https://www.youtube.com/channel/UCHq4zc2_qgi7hVPncwy5IDg https://www.mechanical-cell.space/ https://www.thingiverse.com/mechanical_cell/designs

15.30: Attempt at converting toy into autonomous robot
Kevin Chow

I have modified a Hexbug Spider XL into a Raspberry Pi-controlled robot. While it is still a work in progress, this project demonstrates how a children’s toy can be turned into a robot. The Hexbug Spider XL is a toy that is a remote-controlled walking hexapod. What’s great about this toy is that there are only 2 motors in the toy (one for moving forward and backward and one for turning), which makes repurposing the Hexbug relatively easy and allows me to make a walking robot without worrying about the individual movements of each leg of the robot. There have not been too many people who have attempted to control the Hexbug Spider XL with a Raspberry Pi. Most of the hacks I have seen on the Internet to the Hexbug Spider XL have been done using an Arduino. I have rewired the motors of the Hexbug to be controlled with a motor driver that I have added on top of a Raspberry Pi 4. The Raspberry Pi is running 64-bit Ubuntu Mate 20.04 with ROS Noetic installed. The Raspberry Pi sits on top of a 3D printed platform, which is then attached to the body of the Hexbug. The Raspberry Pi itself is powered with a Li-Ion battery while the motors are powered by rechargeable NiMH batteries. I have also attached an Intel Realsense D435i camera and an Intel Realsense T265 camera to the Raspberry Pi. Originally, I had wanted to use both of these cameras simultaneously to be able to help the Hexbug create a map of its surroundings and navigate autonomously. The D435i would provide information about visual features and depth while the T265 would provide odometry information (how fast the Hexbug would be moving and the distance it has traveled). However, I could not get the T265 camera to work alongside the D435i camera without the T265 crashing. Because of this, I resorted to just using the D435i camera for now. In my previous demo video, I have shown the Hexbug being teleoperated. In my recent demo video, I used the depth sensing capabilities of the D435i to have the Hexbug move forward until it sees that it is too close to an obstacle directly in front of it (as reported by the D435i), upon which it would turn left. For future work, I am planning on looking into better ways to use my Realsense cameras on my Hexbug robot to give it better perceptive and navigational capabilities. In addition, I will probably be redesigning the mount that holds the camera because currently, the Hexbug sometimes ends up tipping over, and I’m suspecting that it’s doing that because the cameras are too far forward from the center of the Hexbug. Overall, this toy modification was a great way to make an interesting robot.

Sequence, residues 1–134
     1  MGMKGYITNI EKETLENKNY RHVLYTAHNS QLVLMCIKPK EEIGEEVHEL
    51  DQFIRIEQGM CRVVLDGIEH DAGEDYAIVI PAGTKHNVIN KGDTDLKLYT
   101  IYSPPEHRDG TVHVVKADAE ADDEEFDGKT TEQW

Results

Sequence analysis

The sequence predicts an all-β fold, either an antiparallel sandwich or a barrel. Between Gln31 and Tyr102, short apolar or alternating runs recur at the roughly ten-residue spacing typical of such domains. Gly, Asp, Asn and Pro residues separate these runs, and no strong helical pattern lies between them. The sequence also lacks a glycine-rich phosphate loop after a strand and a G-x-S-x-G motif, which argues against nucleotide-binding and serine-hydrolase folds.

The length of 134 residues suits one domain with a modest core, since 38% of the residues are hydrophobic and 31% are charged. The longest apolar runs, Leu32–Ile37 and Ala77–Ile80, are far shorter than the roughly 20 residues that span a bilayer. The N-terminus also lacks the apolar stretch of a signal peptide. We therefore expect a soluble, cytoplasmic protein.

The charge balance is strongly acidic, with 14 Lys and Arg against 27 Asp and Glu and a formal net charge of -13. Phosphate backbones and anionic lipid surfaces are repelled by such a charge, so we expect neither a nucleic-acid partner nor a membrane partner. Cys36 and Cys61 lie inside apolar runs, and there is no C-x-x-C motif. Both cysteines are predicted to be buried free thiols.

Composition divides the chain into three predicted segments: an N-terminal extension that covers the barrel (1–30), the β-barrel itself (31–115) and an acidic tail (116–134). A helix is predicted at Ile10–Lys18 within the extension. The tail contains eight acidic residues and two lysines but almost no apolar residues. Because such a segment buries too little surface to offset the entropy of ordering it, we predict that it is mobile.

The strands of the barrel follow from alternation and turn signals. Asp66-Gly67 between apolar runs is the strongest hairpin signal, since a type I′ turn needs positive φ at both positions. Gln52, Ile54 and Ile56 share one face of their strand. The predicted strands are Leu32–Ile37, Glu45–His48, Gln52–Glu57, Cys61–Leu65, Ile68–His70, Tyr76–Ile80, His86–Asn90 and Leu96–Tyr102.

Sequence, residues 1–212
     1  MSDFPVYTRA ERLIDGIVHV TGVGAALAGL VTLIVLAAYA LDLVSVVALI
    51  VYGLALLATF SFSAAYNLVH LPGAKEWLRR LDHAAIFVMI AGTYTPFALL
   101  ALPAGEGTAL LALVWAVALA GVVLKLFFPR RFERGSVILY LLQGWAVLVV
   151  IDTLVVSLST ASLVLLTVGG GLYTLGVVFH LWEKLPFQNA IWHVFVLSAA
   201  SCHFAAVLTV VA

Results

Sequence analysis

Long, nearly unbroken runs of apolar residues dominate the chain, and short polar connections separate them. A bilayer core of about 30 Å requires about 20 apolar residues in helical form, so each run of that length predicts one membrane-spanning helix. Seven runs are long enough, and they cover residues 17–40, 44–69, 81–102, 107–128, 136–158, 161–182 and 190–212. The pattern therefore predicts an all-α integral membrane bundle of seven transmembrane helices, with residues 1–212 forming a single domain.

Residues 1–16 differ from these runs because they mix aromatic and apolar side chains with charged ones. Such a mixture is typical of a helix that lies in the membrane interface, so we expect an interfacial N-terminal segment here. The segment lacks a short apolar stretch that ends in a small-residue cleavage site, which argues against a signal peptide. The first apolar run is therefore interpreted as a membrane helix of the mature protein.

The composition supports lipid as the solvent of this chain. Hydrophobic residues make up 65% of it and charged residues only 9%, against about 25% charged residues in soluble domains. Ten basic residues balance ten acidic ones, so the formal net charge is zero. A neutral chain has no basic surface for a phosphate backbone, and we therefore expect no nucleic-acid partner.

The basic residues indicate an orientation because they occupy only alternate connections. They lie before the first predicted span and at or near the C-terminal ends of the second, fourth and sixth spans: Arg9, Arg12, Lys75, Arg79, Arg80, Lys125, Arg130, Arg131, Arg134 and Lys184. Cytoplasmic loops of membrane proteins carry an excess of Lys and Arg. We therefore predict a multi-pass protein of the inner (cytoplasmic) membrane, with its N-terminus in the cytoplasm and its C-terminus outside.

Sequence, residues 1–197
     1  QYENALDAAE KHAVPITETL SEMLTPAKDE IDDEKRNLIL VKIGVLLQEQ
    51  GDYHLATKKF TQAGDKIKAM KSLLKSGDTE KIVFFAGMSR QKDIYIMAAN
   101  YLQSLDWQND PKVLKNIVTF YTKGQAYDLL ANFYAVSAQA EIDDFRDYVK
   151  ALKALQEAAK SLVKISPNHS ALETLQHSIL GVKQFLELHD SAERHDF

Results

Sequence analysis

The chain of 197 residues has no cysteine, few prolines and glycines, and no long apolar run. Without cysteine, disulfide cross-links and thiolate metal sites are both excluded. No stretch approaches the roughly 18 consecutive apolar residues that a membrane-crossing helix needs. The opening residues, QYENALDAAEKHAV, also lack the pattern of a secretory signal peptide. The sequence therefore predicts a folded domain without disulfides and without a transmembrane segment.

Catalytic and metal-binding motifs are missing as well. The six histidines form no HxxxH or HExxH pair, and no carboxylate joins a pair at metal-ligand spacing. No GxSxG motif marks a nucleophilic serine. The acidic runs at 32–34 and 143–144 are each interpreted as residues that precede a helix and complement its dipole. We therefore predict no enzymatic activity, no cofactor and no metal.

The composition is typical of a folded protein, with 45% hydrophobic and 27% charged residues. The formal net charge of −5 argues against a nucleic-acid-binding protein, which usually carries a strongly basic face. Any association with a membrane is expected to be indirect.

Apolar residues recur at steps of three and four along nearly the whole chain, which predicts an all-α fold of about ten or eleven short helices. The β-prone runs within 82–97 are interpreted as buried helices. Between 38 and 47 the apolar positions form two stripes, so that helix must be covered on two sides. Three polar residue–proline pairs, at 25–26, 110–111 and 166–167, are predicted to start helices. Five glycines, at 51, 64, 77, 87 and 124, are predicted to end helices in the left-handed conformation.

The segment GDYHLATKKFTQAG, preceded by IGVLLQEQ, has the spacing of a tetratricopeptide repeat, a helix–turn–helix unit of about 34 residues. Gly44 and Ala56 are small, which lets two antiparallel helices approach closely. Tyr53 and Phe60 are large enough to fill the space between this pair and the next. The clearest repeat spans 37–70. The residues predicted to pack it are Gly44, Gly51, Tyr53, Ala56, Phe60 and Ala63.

Video: https://www.reddit.com/link/o3zu2f/video/pk15q7nwbd671/player

Previous submission: https://www.reddit.com/r/robotics/comments/myt3kb/attempt_at_controlling_a_hexbug_spider_xl_with_a/

Coffee Break

16.00: k3lso Quadruped
Robin Fröjd

Medium-sized 12-DOF quadruped with expected similar performance to MIT cheetah robots. The size is roughly half way between the MIT Cheetah mini and MIT Cheetah 3 with a mass of approximately 18kg with battery.

https://twitter.com/r_frojd, https://hackaday.io/project/176487-k3lso-quadruped

16.30: Sparky the Quadruped: Using ROS/Gazebo to iterate faster
Gary Lvov